As noted, in preferred embodiments, the zirconium alloy matrix will contain a distribution of relatively coarse precipitates. The size of the precipitate can be controlled by various manufacturing processes. Initially, the precipitate size is governed essentially by the cooling or quenching rate from the beta phase. The beta phase refers to the body-centered cubic crystal lattice structure of crystalline zirconium and Zircaloy that is stable at higher temperatures (i.e., above about 960° C. for Zircaloy-2). A different phase, the alpha phase, is a close-packed hexagonal crystal lattice structure of zirconium and Zircaloy that is stable at lower temperatures. Between about 825° C. and 960° C., the alpha and beta phases can coexist in Zircaloys. Rapid quenching rates from the beta phase (e.g. faster than about 50° C. per second) give smaller precipitates, while slower cooling rates give larger precipitates. The initial precipitate sizes (obtained by quenching from the beta phase) can be altered somewhat by later heat treatments such as annealing at a high temperature within the alpha phase field (e.g. between about 600°-825° C.). This allows the smaller precipitates to dissolve and some of the nickel, iron and chromium components of the Zircaloy matrix phase to diffuse to larger precipitates, causing the precipitates to coarsen. A guideline widely applicable to various processes is provided by the "accumulated normalized annealing time" defined in F. Garzarolli, et at., "Progress in the Knowledge of Nodular Corrosion", Zirconium in the Nuclear Industry, ASTM STP939, pp. 417-430 (1987), which is incorporated herein by reference for all purposes. The accumulated normalized annealing time includes contributions from the duration, temperature, and number of annealing steps employed in the complete process. Generally, longer and higher temperature anneals will produce coarser precipitates. Preferably, to ensure sufficiently coarse precipitates, the accumulated normalized annealing time should be greater than about 10-17 hours.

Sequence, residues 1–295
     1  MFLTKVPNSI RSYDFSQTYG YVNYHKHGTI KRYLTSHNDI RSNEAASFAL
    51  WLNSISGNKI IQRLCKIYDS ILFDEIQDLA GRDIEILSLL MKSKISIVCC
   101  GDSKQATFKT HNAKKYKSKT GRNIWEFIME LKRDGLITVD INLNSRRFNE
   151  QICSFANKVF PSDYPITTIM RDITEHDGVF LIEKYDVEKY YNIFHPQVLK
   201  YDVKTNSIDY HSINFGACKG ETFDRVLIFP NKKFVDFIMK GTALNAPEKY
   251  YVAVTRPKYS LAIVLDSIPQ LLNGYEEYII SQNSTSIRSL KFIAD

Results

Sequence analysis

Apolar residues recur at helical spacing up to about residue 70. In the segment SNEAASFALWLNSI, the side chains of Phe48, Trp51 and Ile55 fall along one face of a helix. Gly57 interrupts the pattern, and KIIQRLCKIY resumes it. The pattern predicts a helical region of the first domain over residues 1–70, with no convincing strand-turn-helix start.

To obtain the final tubing of the necessary dimensions, various other manufacturing steps such as cold-working, extruding, heat treating, and annealing may be employed. The equipment and operating conditions necessary to carry out these various steps will be readily apparent to those of skill in the art, and are described in U.S. patent application Ser. No. 08/052,791, entitled METHOD OF FABRICATING ZIRCALOY TUBING HAVING HIGH RESISTANCE TO CRACK PROPAGATION and previously incorporated herein by reference.